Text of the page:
Guillen-Mendoza, along with as many as 275 others, came forward alleging the Ochoas had swindled them of hundreds of dollars and at severe costs to their immigration status. Brought by Woomer-Deters of the North Carolina Justice Center, they ultimately sued for unfair and deceptive trade practices.
In 2012, the class action plaintiffs won a judgement for more than $143,000.
‘I did everything right’
The scams aren’t limited to Latino immigrants, either. Michaela Graham was 20 when she first moved to the U.S. from Hamburg, Germany. It was the mid-90s, she had a visa and a decent job. But when it came time to renew her visa, Graham said she couldn’t do it on her own. She found an attorney in the Yellow Pages.
At first, everything looked on track. Graham’s attorney scheduled appointments in his office, even offered to take her to lunch on occasion. But then, she said, he kept drawing out the process longer and longer. For awhile he wouldn’t return her calls. Then he stopped responding entirely.
“He kept putting me off and putting me off,” she recalled. “There was always something else that needed to be done.”
After several months of being strung along, it was finally too late — Graham’s visa had expired.
“I was close to pretty much killing myself,” she said.
She was a hard worker, an entrepreneur living in Atlanta. She was hailed as an innovator. But her options were thin. Though the attorney she hired was later disbarred over several different infractions, it didn’t help her case.
“It was my dream since I was 12 years old to come here and I did everything right,” she said. "I have no status. There’s nothing you can do. There’s nothing you can apply for or change or correct.”
Stories of immigration scams are not uncommon and sweep through the community like wildfire. Legal experts suspect that vulnerable immigrant populations have been swindled for decades, starting with President Ronald Reagan’s immigration amnesty program in 1986 when thousands rushed for legal help to obtain a permanent status in the U.S.
Each time a new immigration action is in the news, the “notarios" come out strong, immigration groups say. They saw it after the Senate passed comprehensive immigration reform legislation in 2013 — though the bill never cleared Congress, immigrants were duped into believing they had a new path to citizenship. Groups saw it again after President Obama issued deferred action for young immigrants known as DREAMers, allowing them to temporarily live and work legally in the U.S.
Now with the implementation process about to begin for the president’s next rounds of executive actions on immigration, groups are bracing the public to steer away from the promises of legal aid that sound too good to be true — because they likely are.
Rep. Bill Foster, an Illinois Democrat, plans to re-introduce legislation next year to combat this very problem. The idea was inspired several years ago after long drives when Foster and his staff would listen to the radio between campaign stops at different cities in his district. Back then, it was impossible not to notice the ads on the radio claiming to offer immigration aid to those who want to adjust their status.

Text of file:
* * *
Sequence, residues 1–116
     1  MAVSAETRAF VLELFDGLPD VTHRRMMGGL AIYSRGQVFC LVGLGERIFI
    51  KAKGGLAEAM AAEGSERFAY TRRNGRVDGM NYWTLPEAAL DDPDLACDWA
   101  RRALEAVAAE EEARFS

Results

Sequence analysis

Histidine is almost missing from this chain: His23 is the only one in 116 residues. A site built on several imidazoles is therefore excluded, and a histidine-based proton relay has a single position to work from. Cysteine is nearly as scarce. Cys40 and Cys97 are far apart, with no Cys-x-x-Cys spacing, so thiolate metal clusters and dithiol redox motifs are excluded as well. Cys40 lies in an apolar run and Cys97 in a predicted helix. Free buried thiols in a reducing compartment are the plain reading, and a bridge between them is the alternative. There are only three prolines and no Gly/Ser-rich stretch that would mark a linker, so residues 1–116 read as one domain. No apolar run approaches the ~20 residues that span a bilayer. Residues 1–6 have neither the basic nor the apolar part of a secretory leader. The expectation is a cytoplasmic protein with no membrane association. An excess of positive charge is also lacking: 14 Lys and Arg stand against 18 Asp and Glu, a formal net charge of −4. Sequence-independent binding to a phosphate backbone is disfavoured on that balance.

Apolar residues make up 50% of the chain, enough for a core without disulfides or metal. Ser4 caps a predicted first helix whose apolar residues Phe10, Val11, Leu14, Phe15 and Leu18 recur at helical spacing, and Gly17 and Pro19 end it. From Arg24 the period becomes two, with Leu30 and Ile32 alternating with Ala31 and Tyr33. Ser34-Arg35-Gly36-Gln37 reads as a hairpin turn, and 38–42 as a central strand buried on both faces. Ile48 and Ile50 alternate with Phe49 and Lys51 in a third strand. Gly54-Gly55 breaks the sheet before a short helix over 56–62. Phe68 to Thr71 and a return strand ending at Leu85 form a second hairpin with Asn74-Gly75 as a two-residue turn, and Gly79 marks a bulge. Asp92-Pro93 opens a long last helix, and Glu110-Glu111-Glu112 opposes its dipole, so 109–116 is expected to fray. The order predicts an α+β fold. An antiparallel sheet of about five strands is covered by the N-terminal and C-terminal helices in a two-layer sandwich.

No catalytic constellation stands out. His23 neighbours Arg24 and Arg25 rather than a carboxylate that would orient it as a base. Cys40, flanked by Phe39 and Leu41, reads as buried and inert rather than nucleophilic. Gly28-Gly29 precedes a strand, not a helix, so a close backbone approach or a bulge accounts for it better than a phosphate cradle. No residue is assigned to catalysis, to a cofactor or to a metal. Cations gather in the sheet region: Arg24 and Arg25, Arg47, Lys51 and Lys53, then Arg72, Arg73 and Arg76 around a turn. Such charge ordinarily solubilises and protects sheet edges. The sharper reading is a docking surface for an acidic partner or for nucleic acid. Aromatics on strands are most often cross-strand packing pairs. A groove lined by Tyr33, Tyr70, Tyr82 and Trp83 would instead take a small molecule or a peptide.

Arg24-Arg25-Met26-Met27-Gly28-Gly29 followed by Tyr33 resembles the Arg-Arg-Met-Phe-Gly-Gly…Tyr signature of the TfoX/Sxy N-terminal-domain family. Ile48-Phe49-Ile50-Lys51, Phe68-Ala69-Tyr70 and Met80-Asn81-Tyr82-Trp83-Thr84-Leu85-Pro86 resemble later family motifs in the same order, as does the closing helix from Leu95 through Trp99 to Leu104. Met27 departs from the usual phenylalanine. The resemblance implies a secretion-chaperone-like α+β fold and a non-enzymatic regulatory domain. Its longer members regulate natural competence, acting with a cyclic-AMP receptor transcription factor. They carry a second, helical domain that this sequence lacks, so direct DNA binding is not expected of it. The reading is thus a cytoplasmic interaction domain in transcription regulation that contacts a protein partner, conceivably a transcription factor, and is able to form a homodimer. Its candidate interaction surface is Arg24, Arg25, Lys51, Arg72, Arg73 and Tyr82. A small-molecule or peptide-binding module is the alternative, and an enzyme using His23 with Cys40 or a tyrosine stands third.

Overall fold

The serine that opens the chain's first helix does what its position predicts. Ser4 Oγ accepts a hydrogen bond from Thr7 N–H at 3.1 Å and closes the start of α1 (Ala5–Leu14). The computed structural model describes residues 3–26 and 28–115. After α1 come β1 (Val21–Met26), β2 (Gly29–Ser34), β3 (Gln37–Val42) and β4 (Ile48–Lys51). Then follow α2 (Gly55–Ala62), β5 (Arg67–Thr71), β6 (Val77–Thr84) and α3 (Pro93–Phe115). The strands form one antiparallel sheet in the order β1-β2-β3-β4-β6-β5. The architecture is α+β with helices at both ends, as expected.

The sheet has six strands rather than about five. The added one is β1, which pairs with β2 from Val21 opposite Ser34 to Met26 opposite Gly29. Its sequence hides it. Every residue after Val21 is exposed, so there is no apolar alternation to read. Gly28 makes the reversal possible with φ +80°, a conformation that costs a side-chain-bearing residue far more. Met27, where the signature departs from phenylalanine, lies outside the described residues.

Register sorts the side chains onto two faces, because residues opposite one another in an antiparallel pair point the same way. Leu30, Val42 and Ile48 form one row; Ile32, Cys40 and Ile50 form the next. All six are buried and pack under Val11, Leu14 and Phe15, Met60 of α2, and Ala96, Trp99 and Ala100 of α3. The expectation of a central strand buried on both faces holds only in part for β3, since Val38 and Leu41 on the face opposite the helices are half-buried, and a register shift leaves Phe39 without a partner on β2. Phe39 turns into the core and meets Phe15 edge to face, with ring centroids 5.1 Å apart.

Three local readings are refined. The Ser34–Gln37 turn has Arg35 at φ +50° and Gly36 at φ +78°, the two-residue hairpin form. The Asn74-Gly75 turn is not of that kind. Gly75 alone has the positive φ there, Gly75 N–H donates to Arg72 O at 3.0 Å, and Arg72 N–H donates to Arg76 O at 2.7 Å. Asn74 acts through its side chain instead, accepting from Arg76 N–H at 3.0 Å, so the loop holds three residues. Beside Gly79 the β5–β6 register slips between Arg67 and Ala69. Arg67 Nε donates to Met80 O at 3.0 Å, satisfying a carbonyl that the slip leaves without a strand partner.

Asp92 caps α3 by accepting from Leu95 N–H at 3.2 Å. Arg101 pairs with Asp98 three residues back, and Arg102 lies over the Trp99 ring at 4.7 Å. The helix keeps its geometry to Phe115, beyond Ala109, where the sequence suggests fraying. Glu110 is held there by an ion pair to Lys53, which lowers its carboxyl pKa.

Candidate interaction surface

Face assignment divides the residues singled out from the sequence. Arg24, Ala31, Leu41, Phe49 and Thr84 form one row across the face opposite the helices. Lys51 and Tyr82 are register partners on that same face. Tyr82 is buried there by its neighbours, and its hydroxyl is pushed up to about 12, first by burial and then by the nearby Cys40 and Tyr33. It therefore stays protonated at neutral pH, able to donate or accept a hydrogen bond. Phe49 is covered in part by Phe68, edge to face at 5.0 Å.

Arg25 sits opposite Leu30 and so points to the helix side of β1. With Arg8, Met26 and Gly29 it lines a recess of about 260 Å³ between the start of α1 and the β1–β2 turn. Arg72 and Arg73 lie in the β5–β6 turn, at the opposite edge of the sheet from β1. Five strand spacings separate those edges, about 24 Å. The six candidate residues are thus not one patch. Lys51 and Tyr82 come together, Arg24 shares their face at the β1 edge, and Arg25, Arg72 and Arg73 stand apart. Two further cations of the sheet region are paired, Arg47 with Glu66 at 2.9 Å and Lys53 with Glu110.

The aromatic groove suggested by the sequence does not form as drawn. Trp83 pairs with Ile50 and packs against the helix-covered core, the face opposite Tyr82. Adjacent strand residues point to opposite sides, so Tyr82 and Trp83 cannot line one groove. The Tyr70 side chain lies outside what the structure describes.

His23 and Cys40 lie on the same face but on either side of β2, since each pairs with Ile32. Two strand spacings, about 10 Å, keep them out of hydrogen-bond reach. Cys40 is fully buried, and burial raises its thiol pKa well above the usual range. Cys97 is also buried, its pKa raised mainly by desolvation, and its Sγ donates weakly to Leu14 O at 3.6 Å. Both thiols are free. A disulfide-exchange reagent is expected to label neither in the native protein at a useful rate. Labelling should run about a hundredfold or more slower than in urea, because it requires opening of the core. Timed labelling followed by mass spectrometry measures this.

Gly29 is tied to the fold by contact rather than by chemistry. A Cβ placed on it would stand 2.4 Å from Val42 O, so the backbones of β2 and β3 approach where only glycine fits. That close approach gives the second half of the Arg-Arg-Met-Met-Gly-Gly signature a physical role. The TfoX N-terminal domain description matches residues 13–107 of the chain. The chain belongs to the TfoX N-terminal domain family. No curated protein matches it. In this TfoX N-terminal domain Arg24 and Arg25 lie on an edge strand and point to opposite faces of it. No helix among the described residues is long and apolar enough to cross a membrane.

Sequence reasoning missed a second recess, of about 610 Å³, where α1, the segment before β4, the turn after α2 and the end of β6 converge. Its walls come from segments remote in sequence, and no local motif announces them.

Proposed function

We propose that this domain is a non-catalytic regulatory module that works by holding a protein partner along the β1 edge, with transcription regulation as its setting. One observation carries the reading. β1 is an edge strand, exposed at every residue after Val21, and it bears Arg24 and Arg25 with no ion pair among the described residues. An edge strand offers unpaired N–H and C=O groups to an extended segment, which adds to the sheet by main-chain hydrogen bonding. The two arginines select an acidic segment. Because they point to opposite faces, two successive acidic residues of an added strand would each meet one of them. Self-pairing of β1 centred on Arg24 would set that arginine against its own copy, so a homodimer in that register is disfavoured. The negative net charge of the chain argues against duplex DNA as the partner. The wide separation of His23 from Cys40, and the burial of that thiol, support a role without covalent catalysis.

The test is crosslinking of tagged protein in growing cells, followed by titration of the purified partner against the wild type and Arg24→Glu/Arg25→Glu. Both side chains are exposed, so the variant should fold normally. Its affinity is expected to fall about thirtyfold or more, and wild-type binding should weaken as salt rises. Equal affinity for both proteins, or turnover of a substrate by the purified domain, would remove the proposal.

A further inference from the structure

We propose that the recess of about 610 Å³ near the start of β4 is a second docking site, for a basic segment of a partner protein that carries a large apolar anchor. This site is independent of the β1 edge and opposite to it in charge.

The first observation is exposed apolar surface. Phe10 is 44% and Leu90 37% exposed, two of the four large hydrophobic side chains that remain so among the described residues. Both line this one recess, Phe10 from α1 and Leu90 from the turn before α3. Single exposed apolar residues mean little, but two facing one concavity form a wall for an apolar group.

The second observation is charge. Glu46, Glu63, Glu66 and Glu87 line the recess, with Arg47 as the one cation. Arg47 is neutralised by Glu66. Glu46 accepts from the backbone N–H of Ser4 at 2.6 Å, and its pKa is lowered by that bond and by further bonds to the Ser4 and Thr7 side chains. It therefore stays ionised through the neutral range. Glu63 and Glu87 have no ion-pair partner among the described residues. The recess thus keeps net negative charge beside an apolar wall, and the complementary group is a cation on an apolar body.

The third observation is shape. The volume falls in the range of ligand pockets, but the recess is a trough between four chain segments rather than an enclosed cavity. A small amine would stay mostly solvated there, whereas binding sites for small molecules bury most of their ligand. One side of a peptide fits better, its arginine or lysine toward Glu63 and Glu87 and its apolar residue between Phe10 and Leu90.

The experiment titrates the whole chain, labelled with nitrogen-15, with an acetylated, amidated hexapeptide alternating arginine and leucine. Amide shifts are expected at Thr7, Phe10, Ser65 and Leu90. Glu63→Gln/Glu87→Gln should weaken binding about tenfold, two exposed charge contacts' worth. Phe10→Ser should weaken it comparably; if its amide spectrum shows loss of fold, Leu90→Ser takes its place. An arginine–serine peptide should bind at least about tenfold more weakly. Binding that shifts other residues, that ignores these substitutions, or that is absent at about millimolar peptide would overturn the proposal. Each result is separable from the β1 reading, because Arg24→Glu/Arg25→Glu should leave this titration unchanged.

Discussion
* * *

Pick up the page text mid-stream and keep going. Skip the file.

Those same ads are cropping up once again, he said.
“We are hearing radio advertisements for things that are clearly false,” Foster told msnbc. “It’s ridiculous because the actions haven’t already been implemented.”
Apolonio Morales, political director at the Coalition for Humane Immigrant Rights of Los Angeles, said advocacy groups like his are already seeing advertising on Facebook from “notarios” asking for $500 in return for “saving a spot” in line for executive action. The problem is, there is no spot to save.
“This is before anybody is sure that they qualify for anything,” Morales said. “Our major effort is going to be early education to make sure folks understand what executive action is and what it isn’t.”
Fear dissolved into executive action
It has taken several years, but the Lopez family’s fear has slowly subsided. Rafael says his dad no longer keeps the window foiled up and his family no longer spends weekends gathering scrap metal to make ends meet.
Now a college student at the University of Nevada Las Vegas, Rafael is on track to graduate by next summer. Had his family not opted to defy their order of deportation, he wouldn’t have been able to pursue a major in psychology and minor in criminal justice.
“My parents didn’t want me to leave. They wanted me to continue my education,” Rafael said. “I was a good student and I had good grades. They knew that if we went back to Mexico, I wouldn’t be in the position I am in now.”
And now thanks to DACA — the Deferred Action for Childhood Arrivals — his order of deportation remains frozen while he’s still eligible for the program. And since his young sister was born in the U.S., their parents will likely qualify for the latest executive actions to put their deportation orders on hold, at least temporarily.
“It was a huge relief for them,” Rafael said of his parents. “Honestly, to this day, even though we left to our new house, they were afraid immigration would find them. Really, it was more psychological than anything.”
Now, things are looking up for the Lopez family. “They feel totally at ease.”